For the new year to be truly “new,” let’s see if we can shed some of the ideas and trends in TV in 2015 by declaring some of them to be passé, or close to it.
The idea that we are experiencing a Golden Age of Television: Can we please stop talking about a new “Golden Age”? I have no problem praising the handful of TV shows that have appeared in the past 10-15 years that have raised the bar on quality when it comes to producing TV shows. I agree that this handful of TV shows demonstrates that for some creators, in some sectors of the TV industry, TV today provides for a great deal of creative freedom. And we viewers have been the beneficiaries of that.
But a “Golden Age”? I don’t think so. I have never believed in these kinds of generalizations, particularly when it comes to television -- because the development, production and launch of TV shows is so experimental in nature. Most of the time, no one really knows if a TV show will work well enough for it to stick around for a while.
Check this out: It's a Wikipedia page I came across about the year in television (2014) and there’s a chronological list of the shows that premiered this year. I was struck by how many of them there were, and how many went nowhere. Sure, call this a “Golden Age” if you want, based perhaps on the sheer tonnage of TV content that gets produced these days and the high quality of a few of them. But a “Golden Age”? It might be time to rethink that idea.
TV’s war on wives: I was also struck with this realization the other day while grazing through some of the cable channels: TV seems to have a thing against wives. This thought was triggered by a pass through Bravo -- which had one of its “Real Housewives” shows on (it sometimes seems that repeats of these shows are the only things Bravo ever airs) -- followed closely by a peek at VH-1, which was airing “Mob Wives.” And I thought: TV’s reality-show wives are a wild, crazy bunch. Maybe the “Real Housewives” shows will finally start to wear out their welcome in 2015.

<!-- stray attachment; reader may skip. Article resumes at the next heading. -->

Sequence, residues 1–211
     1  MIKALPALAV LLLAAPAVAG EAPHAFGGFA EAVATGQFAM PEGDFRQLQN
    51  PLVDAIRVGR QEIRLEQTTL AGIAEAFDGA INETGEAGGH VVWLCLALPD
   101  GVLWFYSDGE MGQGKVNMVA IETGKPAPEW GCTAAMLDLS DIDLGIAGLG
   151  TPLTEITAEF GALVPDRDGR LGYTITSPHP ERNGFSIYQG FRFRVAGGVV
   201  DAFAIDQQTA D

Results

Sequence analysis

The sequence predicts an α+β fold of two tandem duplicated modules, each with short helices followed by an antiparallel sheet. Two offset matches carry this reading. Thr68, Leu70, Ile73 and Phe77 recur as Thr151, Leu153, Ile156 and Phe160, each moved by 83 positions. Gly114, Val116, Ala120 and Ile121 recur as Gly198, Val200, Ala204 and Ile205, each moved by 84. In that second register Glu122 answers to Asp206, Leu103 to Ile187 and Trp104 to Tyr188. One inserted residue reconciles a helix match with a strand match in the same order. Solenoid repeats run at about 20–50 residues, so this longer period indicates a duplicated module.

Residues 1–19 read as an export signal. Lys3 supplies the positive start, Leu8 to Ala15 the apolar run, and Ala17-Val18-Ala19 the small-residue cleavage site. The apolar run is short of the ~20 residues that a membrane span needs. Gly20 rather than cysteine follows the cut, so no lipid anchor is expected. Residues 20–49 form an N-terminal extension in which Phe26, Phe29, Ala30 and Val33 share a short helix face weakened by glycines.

Charlie Sheen: The news was little noticed or remarked upon, but Charlie Sheen’s most recent TV show -- the FX sitcom called “Anger Management” -- quietly died recently. The lack of interest in this show’s demise (or its existence generally) had me thinking that we may actually be over Charlie Sheen. And that’s a good thing, because the adulation this guy receives has always puzzled me, particularly the standing ovations when he appeared on the late-night shows. Maybe these spectacles are done, at least for now.
Paying attention to “The View”: We are already on the way to achieving this one. “The View” was remade this year with the replacement of most of its cast members (with the exception of Whoopi Goldberg). But despite all the attention that was given to the revamped show -- including the return of Rosie O’Donnell -- no one was really talking about “The View” except in two contexts: Its ratings, which continued to be sluggish; and Rosie O’Donnell, who reportedly was throwing her weight around backstage and driving everybody crazy. Maybe we’re over “The View” already -- until there is more Rosie news.